What kind of work do you currently do at KEVA Creative?

KEVA Creative is a company that focuses on video and film production.

We just started work on our first documentary, which will take place in our backyard here in North Carolina at the Aspen National Park Service on Shackleford Banks. The documentary focuses on a group of wild horses that have lived in the park for centuries

We also work with local clients from North Carolina all the way down to Florida doing photography and video production.

In addition to my work at KEVA Creative I recently became an instructor at a local community college, as well as an in-person instructor for UAV Coach.

YouTube Video

Check out this nature video from KEVA Creative shot entirely by drone

Tell us about adding drones to your toolkit as a photographer / videographer. What prompted you to make that change?

Drones came into our professional lives really quite by accident.

My husband and I are both professional photographers. We had some curiosity about what might be possible with drone photography, so we ended up buying a drone to experiment.

At that point we were very new to everything, and had no idea that we were supposed to be certified by the FAA to fly. So we unpacked it, blew through all the warnings in the apps we were using, and had our first flight in a nearby park.

It was only when we got back home and I started doing research, poking around on competitors’ websites, that I realized we needed to be Part 107 certified if we wanted to use our new drones in our work.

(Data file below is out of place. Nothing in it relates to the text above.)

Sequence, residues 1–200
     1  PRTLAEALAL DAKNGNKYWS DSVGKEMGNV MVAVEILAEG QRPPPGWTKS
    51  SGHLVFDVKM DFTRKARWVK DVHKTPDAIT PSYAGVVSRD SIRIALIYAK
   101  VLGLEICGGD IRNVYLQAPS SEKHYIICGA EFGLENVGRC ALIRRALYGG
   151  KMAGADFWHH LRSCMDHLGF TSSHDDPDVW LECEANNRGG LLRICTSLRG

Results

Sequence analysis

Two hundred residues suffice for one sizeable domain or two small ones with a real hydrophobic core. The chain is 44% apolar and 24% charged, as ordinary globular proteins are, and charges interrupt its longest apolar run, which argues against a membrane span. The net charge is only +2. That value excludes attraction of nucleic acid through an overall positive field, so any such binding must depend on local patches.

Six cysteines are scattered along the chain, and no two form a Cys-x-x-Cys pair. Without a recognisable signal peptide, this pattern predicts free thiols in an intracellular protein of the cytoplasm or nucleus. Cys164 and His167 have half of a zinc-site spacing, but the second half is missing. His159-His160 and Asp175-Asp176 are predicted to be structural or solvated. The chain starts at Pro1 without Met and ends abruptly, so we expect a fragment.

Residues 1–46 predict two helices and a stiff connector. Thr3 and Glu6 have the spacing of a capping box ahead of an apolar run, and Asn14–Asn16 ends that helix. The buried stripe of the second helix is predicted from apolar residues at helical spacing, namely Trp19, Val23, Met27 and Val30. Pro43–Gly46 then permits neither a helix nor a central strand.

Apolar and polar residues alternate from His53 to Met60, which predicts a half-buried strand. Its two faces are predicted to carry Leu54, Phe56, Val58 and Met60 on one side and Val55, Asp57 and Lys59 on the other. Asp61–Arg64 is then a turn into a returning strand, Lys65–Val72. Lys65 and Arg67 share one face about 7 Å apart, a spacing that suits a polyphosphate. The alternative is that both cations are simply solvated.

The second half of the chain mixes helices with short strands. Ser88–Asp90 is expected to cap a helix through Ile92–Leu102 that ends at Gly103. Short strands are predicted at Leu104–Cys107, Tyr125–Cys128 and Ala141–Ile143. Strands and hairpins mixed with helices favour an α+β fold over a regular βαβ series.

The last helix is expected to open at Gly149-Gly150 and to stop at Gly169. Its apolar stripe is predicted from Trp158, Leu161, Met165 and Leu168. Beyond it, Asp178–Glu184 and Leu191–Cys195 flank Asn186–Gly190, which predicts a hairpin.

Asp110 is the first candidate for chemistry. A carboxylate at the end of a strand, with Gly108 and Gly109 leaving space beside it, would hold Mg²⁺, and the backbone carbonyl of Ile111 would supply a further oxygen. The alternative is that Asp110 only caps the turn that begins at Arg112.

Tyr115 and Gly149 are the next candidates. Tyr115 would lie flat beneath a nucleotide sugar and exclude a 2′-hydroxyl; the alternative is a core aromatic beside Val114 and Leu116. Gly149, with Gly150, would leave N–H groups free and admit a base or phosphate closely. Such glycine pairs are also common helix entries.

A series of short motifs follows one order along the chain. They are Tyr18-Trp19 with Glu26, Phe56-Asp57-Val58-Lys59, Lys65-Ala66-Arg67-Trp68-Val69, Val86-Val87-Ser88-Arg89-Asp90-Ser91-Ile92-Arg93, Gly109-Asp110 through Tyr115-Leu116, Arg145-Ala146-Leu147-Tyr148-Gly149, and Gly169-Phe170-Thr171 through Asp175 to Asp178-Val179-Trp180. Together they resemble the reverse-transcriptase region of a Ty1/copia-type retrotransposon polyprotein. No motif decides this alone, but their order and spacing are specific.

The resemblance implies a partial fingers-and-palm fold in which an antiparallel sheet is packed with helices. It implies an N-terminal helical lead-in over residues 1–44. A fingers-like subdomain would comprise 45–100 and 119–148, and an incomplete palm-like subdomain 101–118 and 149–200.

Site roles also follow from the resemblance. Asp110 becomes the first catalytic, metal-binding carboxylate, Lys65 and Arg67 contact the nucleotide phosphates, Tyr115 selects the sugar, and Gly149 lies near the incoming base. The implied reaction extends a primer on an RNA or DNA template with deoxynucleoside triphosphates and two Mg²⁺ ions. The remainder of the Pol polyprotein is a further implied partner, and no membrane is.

That’s when I realized how big of an undertaking it was going to be to really add drones to our toolkit. Initially my husband and I both were going to get FAA certified, but he ended up becoming involved in other projects, so I was the one who really dove in and learned the material, and learned how to fly.

Now I’m obsessed with drones. I’m obsessed with aerial cinematography, as well as aerial photography. I used to never travel anywhere without my DSLR, but now it’s my DJI Mavic Pro.

The Mavic is my drone of choice—it’s small, it’s compact, and it fits right next to my DSLR in my backpack. I don’t leave home without it anymore. Flying is just too tempting.

Do you have any advice for people who want to start their own aerial photography business, or people who want to incorporate drones into an existing photography / videography business?

First of all, take it very slow. Go step by step, and really master your flying skills before you go out and start offering services to anyone.

Second, make sure you do all the planning and paperwork. Get insured, get FAA certified, and do everything by the book.

Third, be aware of your local drone laws, not just federal ones. This includes state drone laws, county and town drone laws, park drone laws, and so on. Do your research, so you don’t get caught by surprise when you go out to fly.

When I teach at the community college, I use a nano drone and have students practice taking it through an obstacle course to help drill different flying skills into them. That way, when they go to fly later, they’ll have that foundation to work from.


It’s important to practice, and also to meet other drone pilots. Try to meet people who are better than you so you can stretch yourself and grow.